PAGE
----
Donald Trump now believes Brexit is just “an incident” and not part of a wider trend of desertion, according to European Council president Donald Tusk.
But Mr Tusk said: “I was positively surprised by President Trump’s comments on Brexit because it was clear for both of us that in fact the EU as 27 is more united after Brexit than before Brexit and it was also his opinion.
“I tried to convince him and I deeply believe in this that Brexit is very important and dramatic but just an incident not a trend and President Trump agreed. It was for me a very positive moment during our discussions.”
EU officials believe Mr Trump has come to appreciate the value of European integration to US interests since taking office.
And bolstered by the apparent support from the White House, European Commission President Jean-Claude Juncker boasted the EU is the only stable element as Donald Trump, Emmanuel Macron, Paolo Gentiloni and Theresa May prepare for their first G7 meeting.
Seizing the opportunity to push forward his EU agenda and take advantage of his prior G7 experience, Mr Juncker said: “There are four new leaders around the table. We are the only stable elements on the international landscape.”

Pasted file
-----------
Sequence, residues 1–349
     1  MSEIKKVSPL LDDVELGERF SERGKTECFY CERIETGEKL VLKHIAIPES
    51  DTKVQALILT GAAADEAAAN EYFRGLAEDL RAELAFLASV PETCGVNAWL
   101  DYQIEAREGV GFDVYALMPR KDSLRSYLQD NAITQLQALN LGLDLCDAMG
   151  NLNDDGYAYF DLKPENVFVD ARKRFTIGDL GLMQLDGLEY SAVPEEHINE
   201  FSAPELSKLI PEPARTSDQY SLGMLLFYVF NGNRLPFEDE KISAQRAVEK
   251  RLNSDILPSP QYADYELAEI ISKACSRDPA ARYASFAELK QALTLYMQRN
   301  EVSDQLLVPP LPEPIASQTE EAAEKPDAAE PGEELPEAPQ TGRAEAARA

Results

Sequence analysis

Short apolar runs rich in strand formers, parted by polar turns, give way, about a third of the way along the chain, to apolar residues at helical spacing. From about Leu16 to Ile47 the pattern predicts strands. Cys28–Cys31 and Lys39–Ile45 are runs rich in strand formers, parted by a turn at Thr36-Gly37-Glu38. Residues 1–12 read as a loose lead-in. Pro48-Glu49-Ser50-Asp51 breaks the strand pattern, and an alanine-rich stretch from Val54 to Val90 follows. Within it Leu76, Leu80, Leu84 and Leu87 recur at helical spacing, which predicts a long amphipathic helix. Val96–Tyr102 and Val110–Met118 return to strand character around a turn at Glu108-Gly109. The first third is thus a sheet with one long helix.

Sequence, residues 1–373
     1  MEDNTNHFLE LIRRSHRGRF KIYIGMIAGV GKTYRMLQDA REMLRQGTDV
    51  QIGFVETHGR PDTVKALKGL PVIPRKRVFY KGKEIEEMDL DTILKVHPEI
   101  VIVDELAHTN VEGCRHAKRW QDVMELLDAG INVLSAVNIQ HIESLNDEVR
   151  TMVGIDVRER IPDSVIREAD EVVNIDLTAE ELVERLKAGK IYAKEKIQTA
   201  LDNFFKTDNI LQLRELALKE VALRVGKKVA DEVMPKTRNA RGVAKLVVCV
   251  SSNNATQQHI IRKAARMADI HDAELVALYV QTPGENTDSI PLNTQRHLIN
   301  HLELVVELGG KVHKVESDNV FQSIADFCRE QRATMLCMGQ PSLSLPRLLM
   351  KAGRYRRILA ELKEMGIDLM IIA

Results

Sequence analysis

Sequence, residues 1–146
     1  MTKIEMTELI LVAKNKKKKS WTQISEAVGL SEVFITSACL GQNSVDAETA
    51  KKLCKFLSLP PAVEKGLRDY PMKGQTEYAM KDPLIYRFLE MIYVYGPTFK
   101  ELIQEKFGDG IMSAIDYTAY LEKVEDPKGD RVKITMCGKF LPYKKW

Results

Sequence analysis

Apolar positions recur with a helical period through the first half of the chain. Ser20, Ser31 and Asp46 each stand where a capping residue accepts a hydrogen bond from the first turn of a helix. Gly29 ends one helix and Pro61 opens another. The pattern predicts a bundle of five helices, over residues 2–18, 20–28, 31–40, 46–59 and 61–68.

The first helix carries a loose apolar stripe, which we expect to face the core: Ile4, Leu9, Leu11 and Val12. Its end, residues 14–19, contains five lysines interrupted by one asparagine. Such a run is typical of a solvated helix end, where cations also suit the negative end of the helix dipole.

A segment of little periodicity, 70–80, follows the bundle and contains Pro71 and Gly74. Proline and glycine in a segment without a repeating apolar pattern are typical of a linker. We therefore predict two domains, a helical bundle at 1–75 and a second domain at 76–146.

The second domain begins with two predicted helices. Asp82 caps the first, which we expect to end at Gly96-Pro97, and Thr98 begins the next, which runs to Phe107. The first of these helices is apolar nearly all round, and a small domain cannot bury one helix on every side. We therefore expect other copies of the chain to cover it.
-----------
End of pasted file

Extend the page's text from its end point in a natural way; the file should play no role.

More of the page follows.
“We are veterans but we are not old. it will be very interesting.”
The G7 is made up of some of the wealthiest countries in the world – Canada, France, Germany, Italy, Japan, Britain and the US.
Mr Trump and Mrs May are set to hold a meeting at the G7 summit in Sicily amid a row over US leaks about the Manchester bombing investigation.
Sources say the British government is “furious” over the leaks which has seen US officials release details including the bomber’s name and graphic photos of the crime scene before British authorities.
The leaks prompted Greater Manchester Police to temporarily withold information from the US on the investigation.
The New York Times has defended its decision to publish crime scene photographs of the Manchester bombing, saying that the “images and information presented were neither graphic nor disrespectful of victims”.
The row – which goes to the heart of the close intelligence-sharing relationship between the transatlantic allies – provides an awkward backdrop to the Prime Minister’s meeting with President Trump.